## Identification protocol

Identification protocol is different than signature scheme as identification protocol is used to identify that prover holds the private while signature scheme is used to verify that the holder indeed used the private key to sign the message and generate the signature.

Steps followed in schnorr identification protocol:

```
sequenceDiagram
participant a as Prover
participant b as Verifier
note left of a: (I,st)<-P1(sk)
a->>b:I
note right of b: r<-Random
b->>a:r
note left of a: s=P2(sk,st,r)
a->>b:s
note over b:V(pk,r,s)=I
```

### Properties

**Correctness**: Honest Prover should be able to convince a Honest verifier that it knows the secret.**Soundness**: Malicious Prover (doesn’t know secret) shouldn’t be able to convince a Honest verifier with non-negligible probability.**Non-Degeneracy**: there should be enough initial values $I$ or in other words, for a fixed $sk$ and $I$, $Pr[P_{1}(sk)→I]≤negl(n)$.

Identification Experiment $Ident_{A,Π}(n)$:

- $Gen(1_{n})→(pk,sk)$.
- $A$ is given $pk$ and given access to a $Trans(⋅)$ oracle that can give transcript $(I,r,s)$ of an honest execution of the protocol.
- $A$ outputs $I$, and is given a uniform $r←Ω_{pk}$ to which $A$ responds with $s$.
- experiment succeeds if $V(pk,r,s)=I$.

$Pr[Ident_{A,Π}(n)=1]≤negl(n)$

Not feasible, requires interaction from *verifier*. Also not publicly verifiable as both parties have to be involved.

FS86 introduced Fiat-Shamir which transforms identification protocols to signatures. Later, it was recognised by PS96 that this can be generalised to any interactive protocol with negligible soundness to turn it into non-interactive protocol.

Prove any signature scheme instantiated from an identification scheme and Fiat-Shamir transcript is secure if underlying identification scheme is secure.

## Schnorr Digital Signature

Schnorr’s Identification Scheme $Π=(Gen,P_{1},P_{2},V)$. Let there be two parties $A$ (Prover) and $B$ (Verifier):

- A runs $Gen(1_{n})→(pk,sk)$. Let private key be $x$ and public key = $Gx(modN)$
- Generates random value using $P_{1}$, $Y=Gy(modN)$
- $Y$ is sent to B
- B generates random challenge $c$, and send to A
- A sends back: $z=y+xc$
- B verifies: $z.G=y.G+c.x.G=Y+c.PK$

Security of Schnorr’s identification scheme depends on Discrete Logarithm Problem. So, if an adversary is able to forge a signature, it can also break DLP.

Passive adversarial approach doesn't work, i.e. access to honest transcript is of no use. Why?

Used to implement ==*Proof of Knowledge*==. Used in cryptography to prove to verifier that prover knows some value $x$. Verifier gets convinced that they are communicating with the prover without verifier’s knowledge of private key and prover is in fact, right about his private key.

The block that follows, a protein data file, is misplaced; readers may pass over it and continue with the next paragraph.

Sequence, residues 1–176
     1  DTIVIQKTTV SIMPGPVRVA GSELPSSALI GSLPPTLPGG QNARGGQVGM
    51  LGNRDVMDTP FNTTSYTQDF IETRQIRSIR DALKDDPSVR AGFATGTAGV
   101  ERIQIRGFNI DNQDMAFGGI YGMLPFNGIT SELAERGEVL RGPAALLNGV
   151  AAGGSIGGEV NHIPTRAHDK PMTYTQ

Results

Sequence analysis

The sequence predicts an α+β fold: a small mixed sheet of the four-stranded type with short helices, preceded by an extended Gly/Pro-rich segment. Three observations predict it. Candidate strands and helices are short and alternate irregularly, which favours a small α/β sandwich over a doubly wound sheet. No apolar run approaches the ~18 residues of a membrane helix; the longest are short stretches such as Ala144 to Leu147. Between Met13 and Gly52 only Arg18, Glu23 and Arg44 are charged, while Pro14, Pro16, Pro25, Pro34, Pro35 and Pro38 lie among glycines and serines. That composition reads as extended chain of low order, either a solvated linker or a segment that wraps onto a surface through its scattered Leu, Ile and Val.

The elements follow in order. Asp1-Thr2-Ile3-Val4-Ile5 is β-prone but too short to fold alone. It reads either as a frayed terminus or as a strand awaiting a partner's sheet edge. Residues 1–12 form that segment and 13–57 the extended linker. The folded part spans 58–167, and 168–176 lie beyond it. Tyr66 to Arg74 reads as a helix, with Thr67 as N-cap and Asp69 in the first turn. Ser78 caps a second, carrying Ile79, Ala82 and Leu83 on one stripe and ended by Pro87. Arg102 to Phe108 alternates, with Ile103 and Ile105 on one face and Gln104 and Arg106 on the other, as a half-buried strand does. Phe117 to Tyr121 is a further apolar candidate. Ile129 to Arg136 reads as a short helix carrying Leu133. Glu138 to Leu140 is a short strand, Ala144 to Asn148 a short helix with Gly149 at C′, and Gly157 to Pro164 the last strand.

Features:

- faster than ECDSA as doesn’t have to calculate $1/s$
- linear

But this also proposes other disadvantages that this signature scheme can’t be used for aggregation and multi-sigs due to its linearity.

Non-interactive Schnorr identification protocol also exists using Fiat-Shamir transformation where challenge $c$ is not generated by verifier but $c=H(g,q,h,u)$ where g: generator, q: prime number, h: public key, u: public key of random nonce

### Proving Schnorr Signatures Are Zero-knowledge

Proving **completeness** is the easiest part in protocol, i.e. if the prover performs protocol honestly, verifier is able to verify it by just substituting g in schnorr signatures.

**Soundness** is done through another algorithm called * extractor* which is able to extract secret of the prover by tricking it. Note: it doesn’t actually reveal the secret but only proving that extractor can extract the secret by duping prover. Done through replay attack on schnorr protocol.

Construct an algorithm $A_{′}$ running $A$ attacking Identification scheme $Π$ as subroutine.

- Answers $Trans$ queries of $A$ uniformly.
- $A$ outputs $I$. $A_{′}$ chooses $r_{1}$ uniformly, sends to $A$ which outputs $s_{1}$.
- Rewinds $A$ to challenge generation point with same randomness. Returns $r_{2}$ and gets $s_{2}$ as response from $A$.
- if $r_{1}=r_{2}$ and $g_{s_{1}}⋅h_{−r_{1}}=I=g_{s_{2}}⋅h_{−r_{2}}$, then calculates secret key as $[(s_{1}−s_{2})⋅(r_{1}−r_{2})_{−1}modq]$. Reason why Probability is negligible.

**Zero-Knowledgness** is proven through a *simulator* which has no knowledge of the the secret and yet it is able to convince every verifier into believing that the statement is true. This has an assumption that *verifier* is **honest**, i.e. **HVZK**. Done through rewinding a verifier so that prover knows challenge $c$ and forging false signature on the basis of it.